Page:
Social and human growth are indispensable components for European citizenship; the advent of a Europe of knowledge that is highly creative and innovative rests upon the ability of its citizens to summon the competences that are necessary to address the new challenges. The teaching and learning in the institutions of higher education will aim at educating creative graduates able to function in the knowledge society and to profit fully from lifelong learning opportunities through the provision of adequate learning paths. Student centred learning will be developed as a new paradigm with learning outcomes focusing on specific subject areas. lifelong learning needs to be integrated into a national as well as into institutional strategies. The European Universities’ Charter on lifelong learning will serve as a basis for future developments in this field.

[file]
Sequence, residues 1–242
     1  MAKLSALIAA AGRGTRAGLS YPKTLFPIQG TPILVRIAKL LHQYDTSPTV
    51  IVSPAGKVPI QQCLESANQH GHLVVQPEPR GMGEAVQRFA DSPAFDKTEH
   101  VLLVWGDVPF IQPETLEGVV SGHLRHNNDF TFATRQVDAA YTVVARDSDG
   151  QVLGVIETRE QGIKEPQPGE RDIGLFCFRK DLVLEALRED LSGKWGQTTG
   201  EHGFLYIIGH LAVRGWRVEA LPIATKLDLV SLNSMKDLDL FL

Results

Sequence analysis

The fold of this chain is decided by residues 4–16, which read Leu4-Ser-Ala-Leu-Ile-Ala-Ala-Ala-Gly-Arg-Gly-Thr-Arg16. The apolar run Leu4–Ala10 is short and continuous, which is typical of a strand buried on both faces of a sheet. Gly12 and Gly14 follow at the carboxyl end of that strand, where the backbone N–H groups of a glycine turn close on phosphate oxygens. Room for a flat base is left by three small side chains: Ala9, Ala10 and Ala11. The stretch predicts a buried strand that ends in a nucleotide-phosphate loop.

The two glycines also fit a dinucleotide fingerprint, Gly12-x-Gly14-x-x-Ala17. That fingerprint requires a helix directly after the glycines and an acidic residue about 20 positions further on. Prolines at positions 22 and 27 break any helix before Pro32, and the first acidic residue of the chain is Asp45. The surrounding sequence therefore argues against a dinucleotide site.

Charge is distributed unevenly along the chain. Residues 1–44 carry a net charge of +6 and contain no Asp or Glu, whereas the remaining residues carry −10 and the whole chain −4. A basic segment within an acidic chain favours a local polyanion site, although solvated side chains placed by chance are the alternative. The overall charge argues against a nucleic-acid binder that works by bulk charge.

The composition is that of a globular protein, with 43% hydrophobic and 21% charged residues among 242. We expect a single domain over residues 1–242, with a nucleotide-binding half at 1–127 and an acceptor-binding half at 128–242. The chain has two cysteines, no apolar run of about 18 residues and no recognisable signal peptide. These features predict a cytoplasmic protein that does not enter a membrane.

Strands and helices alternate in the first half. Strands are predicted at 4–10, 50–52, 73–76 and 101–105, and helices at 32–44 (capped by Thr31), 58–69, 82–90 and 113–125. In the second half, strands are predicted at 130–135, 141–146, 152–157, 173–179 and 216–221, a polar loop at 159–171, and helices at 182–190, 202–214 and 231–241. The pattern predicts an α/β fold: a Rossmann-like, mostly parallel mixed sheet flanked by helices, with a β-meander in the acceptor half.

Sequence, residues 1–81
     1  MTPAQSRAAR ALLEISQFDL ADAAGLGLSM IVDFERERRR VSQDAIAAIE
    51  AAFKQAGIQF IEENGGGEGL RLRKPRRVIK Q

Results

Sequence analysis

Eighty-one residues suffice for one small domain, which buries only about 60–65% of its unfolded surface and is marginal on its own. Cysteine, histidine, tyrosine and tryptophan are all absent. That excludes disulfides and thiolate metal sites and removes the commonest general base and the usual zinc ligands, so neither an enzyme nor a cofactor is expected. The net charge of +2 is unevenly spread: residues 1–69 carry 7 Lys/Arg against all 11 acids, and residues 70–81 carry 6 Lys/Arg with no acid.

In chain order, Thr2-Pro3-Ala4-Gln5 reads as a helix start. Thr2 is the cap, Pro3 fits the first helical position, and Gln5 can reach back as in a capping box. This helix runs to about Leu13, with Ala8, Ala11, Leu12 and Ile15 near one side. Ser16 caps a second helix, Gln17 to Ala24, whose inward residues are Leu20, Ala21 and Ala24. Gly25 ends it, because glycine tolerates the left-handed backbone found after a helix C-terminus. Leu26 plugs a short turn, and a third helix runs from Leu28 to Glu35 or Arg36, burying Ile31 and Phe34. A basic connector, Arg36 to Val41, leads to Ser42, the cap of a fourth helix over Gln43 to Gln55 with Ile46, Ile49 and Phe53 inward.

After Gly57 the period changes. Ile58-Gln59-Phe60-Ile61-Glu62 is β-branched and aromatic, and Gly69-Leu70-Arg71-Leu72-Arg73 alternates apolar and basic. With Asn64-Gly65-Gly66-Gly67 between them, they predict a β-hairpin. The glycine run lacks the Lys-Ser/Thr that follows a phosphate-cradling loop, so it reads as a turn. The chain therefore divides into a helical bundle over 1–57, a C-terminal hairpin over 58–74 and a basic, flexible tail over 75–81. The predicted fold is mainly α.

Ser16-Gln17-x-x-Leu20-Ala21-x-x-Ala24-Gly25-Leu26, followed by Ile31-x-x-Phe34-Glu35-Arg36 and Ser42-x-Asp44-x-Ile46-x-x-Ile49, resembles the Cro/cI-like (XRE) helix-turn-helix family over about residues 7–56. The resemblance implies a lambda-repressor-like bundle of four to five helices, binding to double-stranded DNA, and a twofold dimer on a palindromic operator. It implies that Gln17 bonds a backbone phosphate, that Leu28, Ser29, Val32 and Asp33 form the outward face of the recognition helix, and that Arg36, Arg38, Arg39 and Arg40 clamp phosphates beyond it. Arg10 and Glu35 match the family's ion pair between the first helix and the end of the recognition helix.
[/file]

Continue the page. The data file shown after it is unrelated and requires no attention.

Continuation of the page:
The implementation of lifelong learning will be strengthened by full implementation of the na-tional qualification frameworks. These national frameworks, based on learning outcomes, should contribute to better permeability within the system as well easier recognition of prior learning in-cluding the non-formal and informal. The aim is to have these national qualifications frameworks implemented and prepared for self-certification against the overarching Qualifications Framework for the European Higher Education area by 2012. Results of the prior learning could be assessed with reference to the learning outcomes of the levels defined in the qualifications frameworks. Intermediate qualifications within the first cycle can be a means of widening access to higher education.

4.4. Employability

With labour markets increasingly relying on higher qualifications and requiring deeper levels of expertise, higher education should equip students with the knowledge, skills, and competences individuals need in their working lives. Employability is empowering the individual to fully seize the opportunities of this changing labour market. Raising initial qualifications as well as main-taining and renewing a skilled workforce will foster employability. a close cooperation between